It might be me, I might be slow to the party, but it seems there’s a cycle of styles of beer — one day you go to the store and there’s suddenly a bewildering array of same sort of beers from all manner of brewers, sometimes all around the same hop. It happened recently around Nectaron.
I’m not talking about, for instance, lagers and pilsners that popped up for Octoberfest, or how everyone thought that we’d ditch beers for seltzers, but seemingly random weeks where there’s an influx of the same styles to the shelves, waves of similar-style and similarly-hopped beers available.
You might have seen the newest best thing, Cold IPA, and how there are now more than a handful of takes from various brewers. Before that, briefly, and now seemingly discarded, were hop-dipped beers. Both of these “styles” delivered varying taste results and — in the case of Cold IPA — a lot of discussion, disagreement and angst over exactly what was meant by “Cold”.
Hazy IPAs suddenly exploded into the market a few years ago, a hazy frenzy that continues now, and there are people that specifically ask for a hazy beer when they visit a bar, preferring them to the old-fashioned IPAs, which took a back seat and let the new kids have at it for a while.
I thought the New England IPA became, unsurprisingly, a brewer’s playground. Early Hazy IPAs, in New Zealand, did have a stronger attachment to the traditional IPA style, towards hoppy and bitter, but this didn’t last and a proliferation of all manners of takes became the norm.
Broadly, Hazy or New England or East Coast IPAs lean more towards the fruit, juice and florals, while the West Coast IPAs tend to be more pine, resin, citrus, bitter and — more recently — they lean towards a tropical note.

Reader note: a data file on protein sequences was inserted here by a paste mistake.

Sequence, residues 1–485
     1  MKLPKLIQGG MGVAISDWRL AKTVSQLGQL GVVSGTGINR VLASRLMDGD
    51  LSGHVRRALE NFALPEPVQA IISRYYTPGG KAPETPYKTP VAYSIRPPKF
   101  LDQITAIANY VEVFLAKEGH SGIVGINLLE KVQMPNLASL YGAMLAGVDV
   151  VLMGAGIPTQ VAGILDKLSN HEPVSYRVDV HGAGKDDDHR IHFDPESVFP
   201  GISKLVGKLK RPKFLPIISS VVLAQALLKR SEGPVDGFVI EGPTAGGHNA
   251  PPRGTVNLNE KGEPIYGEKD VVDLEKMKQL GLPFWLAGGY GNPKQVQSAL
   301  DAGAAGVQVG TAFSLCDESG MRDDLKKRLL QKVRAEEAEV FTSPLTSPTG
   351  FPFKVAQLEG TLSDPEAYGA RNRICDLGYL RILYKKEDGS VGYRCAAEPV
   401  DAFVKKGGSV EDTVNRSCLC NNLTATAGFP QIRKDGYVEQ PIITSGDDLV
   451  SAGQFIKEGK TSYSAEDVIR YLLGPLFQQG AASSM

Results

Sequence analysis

West Coast v East Coast challenges turned up, and there are a couple of brewers that essentially make both styles from the same hops, to deliver a contrasting experience. Epic come to mind.
So I’ve been really pleased that in recent weeks I’ve seen some of the traditional big-hitting traditional IPA styles reappear. Beers where you can use descriptors such as “chewy”, “resinous”, “dank” and “pine needles” — as in “it’s a big, dank, resinous beer that was almost chewy in the mouthfeel”, instead of being limited to “it’s a juice bomb” and only having the brightness or opaqueness of the beer to fall back on.
I’m not necessarily talking about core-range or OG IPAs either, but new and nice IPA variants, where you get to experience and enjoy the character of a hop. That isn’t to say that I’m not enjoying OGs such as Epic Hop Zombie or Liberty Citra, but there are some cracking new proper IPAs to be had, for instance:
- Tropican by Cassels Brewing Co.
- Brave Old World Burton IPA by 8 Wired
- Naked City by Slab Brewing
- Hoppy As F##k for Neil! by Behemoth Brewing Company
- That Eddy’s Drop WCIPA by Eddyline
It seems now the wheel has cycled back to “brewer makes a traditional IPA”, and I’m good with that. The showcase of the bitter, the character of the hop, something to ponder apart from how much mango you can taste and how bright orange the beer is.